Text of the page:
HALIFAX -- Nova Scotia's largest public sector union says conciliation talks with the province have failed and it is now filing for arbitration on behalf of 8,000 civil servants.

The Nova Scotia Government and General Employees Union said the province hadn't budged from any of the key issues included in its last offer, including a wage increase of 3.5 per cent over four years.

Union president Jason MacLean called the talks "frustrating" and said Wednesday that the goal is to reach a fair agreement "once the premier is removed from the bargaining table."

"I think the government is more about (union) capitulation," MacLean said in an interview.

"They have this stance and I think they can't understand why anybody would want to keep what they already have. It seemed to me that they weren't very prepared to get into this like we thought they would be."

MacLean said a major stumbling block is the government's intent to end a retirement payment known as the public service award.

He said the union's membership is adamant about retaining benefits won in previous bargaining attempts.

"It's absolutely paramount the public service award remains intact," said MacLean, while hinting at some flexibility.

"We can go out and replace it with something, but it has to be at equal value or near equal value. We are looking to maintain."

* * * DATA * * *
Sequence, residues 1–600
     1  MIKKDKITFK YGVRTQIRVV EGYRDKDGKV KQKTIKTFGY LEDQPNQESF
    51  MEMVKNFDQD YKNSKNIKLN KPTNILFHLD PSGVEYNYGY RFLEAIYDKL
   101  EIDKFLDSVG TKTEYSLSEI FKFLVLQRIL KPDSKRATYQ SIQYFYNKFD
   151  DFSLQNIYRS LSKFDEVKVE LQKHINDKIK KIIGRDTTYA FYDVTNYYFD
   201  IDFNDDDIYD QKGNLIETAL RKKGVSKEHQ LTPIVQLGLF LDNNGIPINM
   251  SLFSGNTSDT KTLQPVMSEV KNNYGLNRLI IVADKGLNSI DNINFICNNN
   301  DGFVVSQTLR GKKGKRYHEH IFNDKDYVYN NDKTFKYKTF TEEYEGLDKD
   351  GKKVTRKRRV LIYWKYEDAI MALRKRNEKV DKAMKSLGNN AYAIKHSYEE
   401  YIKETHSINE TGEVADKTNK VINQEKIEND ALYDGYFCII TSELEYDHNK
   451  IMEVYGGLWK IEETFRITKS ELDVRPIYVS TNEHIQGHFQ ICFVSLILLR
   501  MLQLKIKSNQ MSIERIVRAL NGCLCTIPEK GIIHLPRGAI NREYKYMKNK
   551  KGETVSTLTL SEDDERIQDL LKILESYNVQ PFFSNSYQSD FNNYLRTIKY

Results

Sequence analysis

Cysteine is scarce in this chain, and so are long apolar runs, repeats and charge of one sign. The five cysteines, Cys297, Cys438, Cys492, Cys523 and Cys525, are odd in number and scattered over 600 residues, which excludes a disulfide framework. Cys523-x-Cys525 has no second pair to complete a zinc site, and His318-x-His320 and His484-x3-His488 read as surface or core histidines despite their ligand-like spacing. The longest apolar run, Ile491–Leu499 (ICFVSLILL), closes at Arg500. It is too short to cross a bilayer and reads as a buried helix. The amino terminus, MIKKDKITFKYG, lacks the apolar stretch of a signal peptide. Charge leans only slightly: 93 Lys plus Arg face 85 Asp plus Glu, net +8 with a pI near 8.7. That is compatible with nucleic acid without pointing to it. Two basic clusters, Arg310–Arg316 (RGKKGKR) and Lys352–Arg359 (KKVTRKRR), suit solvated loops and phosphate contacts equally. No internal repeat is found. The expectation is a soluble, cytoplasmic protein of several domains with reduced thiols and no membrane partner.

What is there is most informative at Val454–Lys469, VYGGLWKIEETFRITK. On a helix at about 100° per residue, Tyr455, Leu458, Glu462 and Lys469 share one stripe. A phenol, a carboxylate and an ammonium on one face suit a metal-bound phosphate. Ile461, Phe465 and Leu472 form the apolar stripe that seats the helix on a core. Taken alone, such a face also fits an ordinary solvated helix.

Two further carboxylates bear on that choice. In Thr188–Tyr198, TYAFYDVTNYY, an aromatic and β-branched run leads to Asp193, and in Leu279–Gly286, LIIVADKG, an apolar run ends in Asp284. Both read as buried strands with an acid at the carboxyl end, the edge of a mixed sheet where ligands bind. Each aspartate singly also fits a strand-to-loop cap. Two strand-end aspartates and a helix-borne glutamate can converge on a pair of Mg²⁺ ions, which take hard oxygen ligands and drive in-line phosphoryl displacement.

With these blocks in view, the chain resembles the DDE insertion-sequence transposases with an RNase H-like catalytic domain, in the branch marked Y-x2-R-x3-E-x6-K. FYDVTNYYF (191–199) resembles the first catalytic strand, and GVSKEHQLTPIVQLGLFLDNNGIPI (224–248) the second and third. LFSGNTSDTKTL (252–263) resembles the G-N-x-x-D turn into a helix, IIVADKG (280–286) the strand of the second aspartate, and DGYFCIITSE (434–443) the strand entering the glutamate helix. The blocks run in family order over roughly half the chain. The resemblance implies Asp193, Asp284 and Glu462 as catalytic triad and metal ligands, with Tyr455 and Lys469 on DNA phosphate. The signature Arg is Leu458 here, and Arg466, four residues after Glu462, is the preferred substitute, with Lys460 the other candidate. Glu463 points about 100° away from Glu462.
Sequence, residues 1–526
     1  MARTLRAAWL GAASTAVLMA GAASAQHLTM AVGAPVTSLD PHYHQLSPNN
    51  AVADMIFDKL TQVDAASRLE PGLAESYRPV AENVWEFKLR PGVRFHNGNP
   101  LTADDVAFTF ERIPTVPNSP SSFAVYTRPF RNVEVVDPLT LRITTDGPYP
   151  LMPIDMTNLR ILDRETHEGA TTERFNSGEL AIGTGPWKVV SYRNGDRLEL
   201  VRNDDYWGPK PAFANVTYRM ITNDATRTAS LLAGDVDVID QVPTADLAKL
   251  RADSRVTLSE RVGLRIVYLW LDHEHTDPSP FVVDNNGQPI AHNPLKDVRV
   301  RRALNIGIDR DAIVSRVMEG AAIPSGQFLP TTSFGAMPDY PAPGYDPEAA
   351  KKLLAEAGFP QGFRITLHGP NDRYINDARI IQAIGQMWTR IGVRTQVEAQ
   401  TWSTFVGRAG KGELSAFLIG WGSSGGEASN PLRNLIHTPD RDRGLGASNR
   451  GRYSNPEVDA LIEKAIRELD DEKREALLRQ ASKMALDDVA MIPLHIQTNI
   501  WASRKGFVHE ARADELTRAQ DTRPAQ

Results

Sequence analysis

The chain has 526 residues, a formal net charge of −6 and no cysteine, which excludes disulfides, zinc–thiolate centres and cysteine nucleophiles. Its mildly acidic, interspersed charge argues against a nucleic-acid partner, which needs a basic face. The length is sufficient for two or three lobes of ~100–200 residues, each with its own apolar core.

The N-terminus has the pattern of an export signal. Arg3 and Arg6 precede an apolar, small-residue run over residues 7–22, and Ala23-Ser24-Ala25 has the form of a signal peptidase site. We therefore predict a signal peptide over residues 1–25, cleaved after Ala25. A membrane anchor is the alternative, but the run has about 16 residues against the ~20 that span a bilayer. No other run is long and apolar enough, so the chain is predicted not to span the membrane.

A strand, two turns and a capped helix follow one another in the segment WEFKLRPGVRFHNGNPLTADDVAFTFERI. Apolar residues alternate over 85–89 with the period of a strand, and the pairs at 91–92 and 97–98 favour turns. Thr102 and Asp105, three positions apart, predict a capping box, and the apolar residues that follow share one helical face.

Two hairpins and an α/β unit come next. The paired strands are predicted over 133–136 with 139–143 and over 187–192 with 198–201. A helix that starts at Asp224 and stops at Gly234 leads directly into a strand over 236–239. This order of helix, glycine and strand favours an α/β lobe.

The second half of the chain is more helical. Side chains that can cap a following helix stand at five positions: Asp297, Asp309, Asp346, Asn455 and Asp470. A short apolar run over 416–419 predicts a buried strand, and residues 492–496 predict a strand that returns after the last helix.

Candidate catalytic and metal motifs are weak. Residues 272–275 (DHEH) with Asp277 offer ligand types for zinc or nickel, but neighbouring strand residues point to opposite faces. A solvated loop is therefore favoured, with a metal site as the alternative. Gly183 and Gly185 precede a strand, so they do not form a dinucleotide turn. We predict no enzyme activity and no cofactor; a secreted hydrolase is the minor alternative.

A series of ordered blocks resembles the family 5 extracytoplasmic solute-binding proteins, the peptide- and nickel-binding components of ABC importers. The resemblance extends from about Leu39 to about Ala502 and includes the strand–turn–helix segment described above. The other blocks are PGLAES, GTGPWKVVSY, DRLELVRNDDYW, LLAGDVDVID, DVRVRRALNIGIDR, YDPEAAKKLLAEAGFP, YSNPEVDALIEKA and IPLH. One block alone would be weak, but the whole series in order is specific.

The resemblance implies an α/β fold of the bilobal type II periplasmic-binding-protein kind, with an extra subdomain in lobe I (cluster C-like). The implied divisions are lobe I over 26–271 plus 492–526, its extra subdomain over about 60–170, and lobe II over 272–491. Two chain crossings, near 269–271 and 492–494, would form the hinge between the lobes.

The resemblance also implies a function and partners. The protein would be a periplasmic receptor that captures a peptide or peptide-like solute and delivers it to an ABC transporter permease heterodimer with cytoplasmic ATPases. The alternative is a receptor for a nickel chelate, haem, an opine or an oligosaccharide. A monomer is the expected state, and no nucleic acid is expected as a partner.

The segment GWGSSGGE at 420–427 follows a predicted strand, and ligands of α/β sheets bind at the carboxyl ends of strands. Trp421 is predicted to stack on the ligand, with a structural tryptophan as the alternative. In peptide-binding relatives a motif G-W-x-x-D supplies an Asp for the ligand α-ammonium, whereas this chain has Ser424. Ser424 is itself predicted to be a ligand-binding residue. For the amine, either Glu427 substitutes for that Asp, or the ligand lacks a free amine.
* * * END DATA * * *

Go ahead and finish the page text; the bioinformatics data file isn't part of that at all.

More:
An arbitration hearing was originally scheduled for Tuesday and Wednesday with the province's labour board, but those were set aside after the sides recently agreed to one last attempt at conciliation.

The union said the government had agreed it wouldn't oppose the union's request for arbitration if the conciliation talks failed.

Premier Stephen McNeil had said in the past that he didn't want an "unelected third party" to determine what the government can afford to pay in any binding decision.

In a statement Wednesday, Labour Relations Minister Mark Furey expressed disappointment that both sides had agreed that the negotiations had reached an impasse.

"We appreciate the value, expertise and commitment of our public service employees, and respect their collective bargaining rights," said Furey. "We also understand that collective bargaining requires give and take, and we have been willing to negotiate a fair deal with the NSGEU, one that ensures the services Nova Scotians depend upon are sustainable."

"We'll take time to thoroughly consider our options."

The workers are employed across a range of government services including Service Nova Scotia, corrections, child welfare, the courts, and health and safety.

The membership rejected the government's contract offer in a vote held last December and have been without a new deal since March 31, 2015.